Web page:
After a separation caused by Renoir’s conscription into the French army during the 1870-1 Franco-Prussian War, things apparently weren’t the same again: According to the German wikipedia [caveat lector] article here (, she broke up with Renoir in 1872 to marry an architect named Georges Brière de l’Isle, said her bohemian lifestyle farewell, and never modeled for anybody again. Shortly before her death, she is said to have destroyed many of her personal papers related to Renoir. He himself never mentioned her later.

Marguerite Legrand (“Margot”)

Renoir tried to court the daughter of a well-to-do family, but they (the Le Coeurs) nixed the marriage because they thought the not-yet-famous painter was a poor prospect as a provider. (Renoir’s emerging reputation had yet to translate into financial security.)
Here we learn that a model named Marguerite Legrand was then his girlfriend for a while. She is associated with his second, “impressionist”, period: the most famous work she appears in would be “Nude in the Sunlight” (1876), with its light-speckling effects.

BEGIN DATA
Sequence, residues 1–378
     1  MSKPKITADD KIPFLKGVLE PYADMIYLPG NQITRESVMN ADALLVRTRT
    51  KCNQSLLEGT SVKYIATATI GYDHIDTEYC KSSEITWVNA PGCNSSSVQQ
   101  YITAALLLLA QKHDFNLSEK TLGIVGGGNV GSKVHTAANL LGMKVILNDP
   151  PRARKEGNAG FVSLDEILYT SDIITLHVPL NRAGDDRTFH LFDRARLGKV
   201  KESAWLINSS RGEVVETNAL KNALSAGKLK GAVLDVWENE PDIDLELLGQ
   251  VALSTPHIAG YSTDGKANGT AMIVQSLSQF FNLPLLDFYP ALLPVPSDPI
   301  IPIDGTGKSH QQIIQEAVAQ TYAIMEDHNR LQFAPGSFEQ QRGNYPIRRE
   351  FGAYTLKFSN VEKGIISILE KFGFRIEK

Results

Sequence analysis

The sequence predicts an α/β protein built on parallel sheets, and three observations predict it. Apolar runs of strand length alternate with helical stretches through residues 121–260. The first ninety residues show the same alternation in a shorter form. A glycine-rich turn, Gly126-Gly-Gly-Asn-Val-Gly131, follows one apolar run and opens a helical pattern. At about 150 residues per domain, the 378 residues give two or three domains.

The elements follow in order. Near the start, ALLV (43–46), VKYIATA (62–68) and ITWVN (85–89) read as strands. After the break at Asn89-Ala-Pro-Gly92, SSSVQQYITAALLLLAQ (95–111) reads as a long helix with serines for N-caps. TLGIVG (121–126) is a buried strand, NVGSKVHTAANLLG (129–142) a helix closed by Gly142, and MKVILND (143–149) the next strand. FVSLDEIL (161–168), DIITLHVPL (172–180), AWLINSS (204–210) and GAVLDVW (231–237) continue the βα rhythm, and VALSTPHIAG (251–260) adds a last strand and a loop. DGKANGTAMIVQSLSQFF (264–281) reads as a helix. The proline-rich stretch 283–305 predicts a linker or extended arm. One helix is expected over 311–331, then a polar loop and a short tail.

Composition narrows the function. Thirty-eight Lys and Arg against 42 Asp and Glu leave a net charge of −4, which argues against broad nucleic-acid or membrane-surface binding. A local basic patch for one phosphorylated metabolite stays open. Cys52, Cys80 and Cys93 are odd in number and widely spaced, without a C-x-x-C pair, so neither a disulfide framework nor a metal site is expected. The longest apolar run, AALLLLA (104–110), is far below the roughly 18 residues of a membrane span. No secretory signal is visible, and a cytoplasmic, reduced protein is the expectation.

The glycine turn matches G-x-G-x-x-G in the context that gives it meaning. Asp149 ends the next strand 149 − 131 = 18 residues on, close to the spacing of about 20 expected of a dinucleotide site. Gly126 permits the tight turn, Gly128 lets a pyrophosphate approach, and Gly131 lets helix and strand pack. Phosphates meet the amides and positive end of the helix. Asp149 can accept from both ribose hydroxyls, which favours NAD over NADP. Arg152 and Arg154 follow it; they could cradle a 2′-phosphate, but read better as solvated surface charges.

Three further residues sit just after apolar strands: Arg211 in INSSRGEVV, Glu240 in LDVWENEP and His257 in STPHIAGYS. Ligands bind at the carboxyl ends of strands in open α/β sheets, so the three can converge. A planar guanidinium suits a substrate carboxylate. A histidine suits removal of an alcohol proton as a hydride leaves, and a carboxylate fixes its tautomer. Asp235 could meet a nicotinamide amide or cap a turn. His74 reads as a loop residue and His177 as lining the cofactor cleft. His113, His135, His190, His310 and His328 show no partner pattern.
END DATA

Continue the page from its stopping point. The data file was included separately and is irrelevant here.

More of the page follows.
Apparently she died suddenly of smallpox a short while later. Renoir is said to have nursed her until the end, and to have paid for her funeral.  She appears on the left in one of Renoir’s most famous canvases, the 1876  “Bal du moulin de La Galette” (see also here ; note the light-speckling effect in this painting as well.)

Jeanne Samary

A well-known actress at the Comédie Française, she was a muse and model for several painters, including Renoir, who by then (late 1870s) had made a name for himself. Below is one, again “impressionist”, painting he made of her. More about her here:

Aline Charigot  (later Aline Renoir)